It is hard to believe that, as a child, I watched the first man walk on the moon, whilst sitting in my flannelette pyjamas. The coverage was ‘almost live’, in full mind-blowing Black and White, scratchy, fuzzy and hard to hear TV– the best my world had to offer in July 1969! I thank my parents for letting me watch that moment, because it really has meant a lot to me over the years – it is my first proper memory of my childhood. It is, therefore, with great sadness, that we see the man who set the fires of ambition into a world of young ‘1960’s people’, ‘exit stage left’ last week. Neil Armstrong, the man who first set foot on our orbiting grey rock, finally cashed in his ‘one-way-ticket-off-planet’, the one that we all have to use one day, and is off to meet our maker. This famous astronaut never publically declared his religion, but did declare his firm belief in a creator.
The Armstrong family made a statement in response to the many requests for ‘what can they do?’, it states: ‘For those who may ask what they can do to honour Neil, we have a simple request. Honour his example of service, accomplishment and modesty, and the next time you walk outside on a clear night and see the moon smiling down at you, think of Neil Armstrong and give him a wink’.
I admit that I have winked at the moon many times this week, as I have looked up at it, thinking through the effects that ‘one small step for man, one giant leap for mankind’ has had on my life and ambitions.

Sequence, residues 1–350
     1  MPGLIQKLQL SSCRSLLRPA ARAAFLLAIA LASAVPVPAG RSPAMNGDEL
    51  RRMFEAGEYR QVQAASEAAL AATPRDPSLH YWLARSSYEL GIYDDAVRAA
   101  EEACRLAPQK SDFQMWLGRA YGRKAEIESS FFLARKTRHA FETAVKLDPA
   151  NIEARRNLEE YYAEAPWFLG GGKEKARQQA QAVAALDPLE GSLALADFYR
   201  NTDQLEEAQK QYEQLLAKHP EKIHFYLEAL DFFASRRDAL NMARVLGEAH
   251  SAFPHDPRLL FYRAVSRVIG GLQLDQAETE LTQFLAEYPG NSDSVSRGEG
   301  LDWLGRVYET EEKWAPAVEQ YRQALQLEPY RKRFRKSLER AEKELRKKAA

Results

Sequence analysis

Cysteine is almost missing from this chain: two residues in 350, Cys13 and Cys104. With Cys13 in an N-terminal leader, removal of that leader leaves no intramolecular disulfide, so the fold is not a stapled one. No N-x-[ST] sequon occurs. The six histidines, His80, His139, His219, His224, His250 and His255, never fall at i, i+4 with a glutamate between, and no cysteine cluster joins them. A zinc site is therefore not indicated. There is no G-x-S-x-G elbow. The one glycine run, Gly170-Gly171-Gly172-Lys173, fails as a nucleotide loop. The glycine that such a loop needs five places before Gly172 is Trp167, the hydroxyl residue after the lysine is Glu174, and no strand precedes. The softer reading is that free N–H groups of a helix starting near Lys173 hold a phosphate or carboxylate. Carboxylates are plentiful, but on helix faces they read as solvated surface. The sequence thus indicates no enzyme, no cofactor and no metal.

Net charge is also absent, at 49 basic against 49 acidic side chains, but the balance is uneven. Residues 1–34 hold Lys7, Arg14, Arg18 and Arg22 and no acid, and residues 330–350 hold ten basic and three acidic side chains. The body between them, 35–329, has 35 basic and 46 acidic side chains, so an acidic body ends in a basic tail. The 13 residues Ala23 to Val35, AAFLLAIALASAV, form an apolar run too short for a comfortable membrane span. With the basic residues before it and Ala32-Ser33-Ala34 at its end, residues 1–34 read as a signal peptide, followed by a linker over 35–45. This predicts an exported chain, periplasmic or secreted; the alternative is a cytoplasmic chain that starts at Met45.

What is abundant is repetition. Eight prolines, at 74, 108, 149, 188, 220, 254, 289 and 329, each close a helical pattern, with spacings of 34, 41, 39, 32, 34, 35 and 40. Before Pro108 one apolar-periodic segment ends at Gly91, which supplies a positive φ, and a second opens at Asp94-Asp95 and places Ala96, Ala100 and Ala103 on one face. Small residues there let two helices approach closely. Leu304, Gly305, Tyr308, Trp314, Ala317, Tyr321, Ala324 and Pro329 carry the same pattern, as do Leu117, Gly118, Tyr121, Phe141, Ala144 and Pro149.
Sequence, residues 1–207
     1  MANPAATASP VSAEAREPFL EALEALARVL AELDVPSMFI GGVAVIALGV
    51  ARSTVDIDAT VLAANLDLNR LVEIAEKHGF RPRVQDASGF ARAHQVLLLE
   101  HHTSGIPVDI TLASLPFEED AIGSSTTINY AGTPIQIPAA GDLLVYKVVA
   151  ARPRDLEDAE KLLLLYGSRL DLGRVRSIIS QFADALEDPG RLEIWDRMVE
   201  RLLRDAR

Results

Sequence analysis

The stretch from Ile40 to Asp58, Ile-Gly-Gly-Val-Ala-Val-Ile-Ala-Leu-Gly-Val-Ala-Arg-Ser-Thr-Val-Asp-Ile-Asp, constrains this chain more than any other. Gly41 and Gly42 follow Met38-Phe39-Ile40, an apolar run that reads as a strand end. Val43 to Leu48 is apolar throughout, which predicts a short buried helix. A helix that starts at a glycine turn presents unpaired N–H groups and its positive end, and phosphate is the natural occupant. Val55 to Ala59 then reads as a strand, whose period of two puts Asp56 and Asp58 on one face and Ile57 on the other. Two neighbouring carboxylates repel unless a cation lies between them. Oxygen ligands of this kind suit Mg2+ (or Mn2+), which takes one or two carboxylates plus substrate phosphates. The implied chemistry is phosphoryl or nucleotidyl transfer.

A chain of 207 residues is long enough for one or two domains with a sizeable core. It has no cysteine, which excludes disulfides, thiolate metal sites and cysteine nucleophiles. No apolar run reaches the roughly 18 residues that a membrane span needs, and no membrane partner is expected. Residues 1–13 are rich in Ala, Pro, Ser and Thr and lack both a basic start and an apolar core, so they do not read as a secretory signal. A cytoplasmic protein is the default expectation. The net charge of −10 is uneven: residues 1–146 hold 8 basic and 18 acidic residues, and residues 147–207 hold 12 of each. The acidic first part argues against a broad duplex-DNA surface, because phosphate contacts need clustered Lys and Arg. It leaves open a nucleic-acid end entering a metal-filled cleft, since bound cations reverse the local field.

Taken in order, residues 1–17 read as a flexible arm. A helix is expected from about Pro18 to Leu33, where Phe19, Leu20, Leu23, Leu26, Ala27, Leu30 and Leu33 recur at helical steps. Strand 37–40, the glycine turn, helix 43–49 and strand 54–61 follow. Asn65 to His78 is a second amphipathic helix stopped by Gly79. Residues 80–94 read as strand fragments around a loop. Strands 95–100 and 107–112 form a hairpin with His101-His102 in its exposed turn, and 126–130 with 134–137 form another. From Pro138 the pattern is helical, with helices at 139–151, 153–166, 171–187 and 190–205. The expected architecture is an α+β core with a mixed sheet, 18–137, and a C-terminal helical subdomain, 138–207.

Neil Armstrong’s early exposure to aircraft clearly helped to inspire him, and he went on to inspire the world, me included.
Interestingly, one of Armstrong’s first flight exposures was in a Ford aircraft (yes, Ford, as in the motor company, used to make planes!). We are told that he was given toy aeroplanes as early as three years of age, probably by aviation inspired family members! Then, around five years old he, reportedly, was taken as a passenger in a Ford Tri-Motor. The Tri-Motor is amazingly SLOW. I was watching one flying just last month, giving joy rides to paying guests in the USA. The drone of the three propellers, biting at the air, hits your ears, and you turn to see the lumbering giant wallowing into the air, seemingly suspended by a string, as it slowly turns away and makes it shallow climb.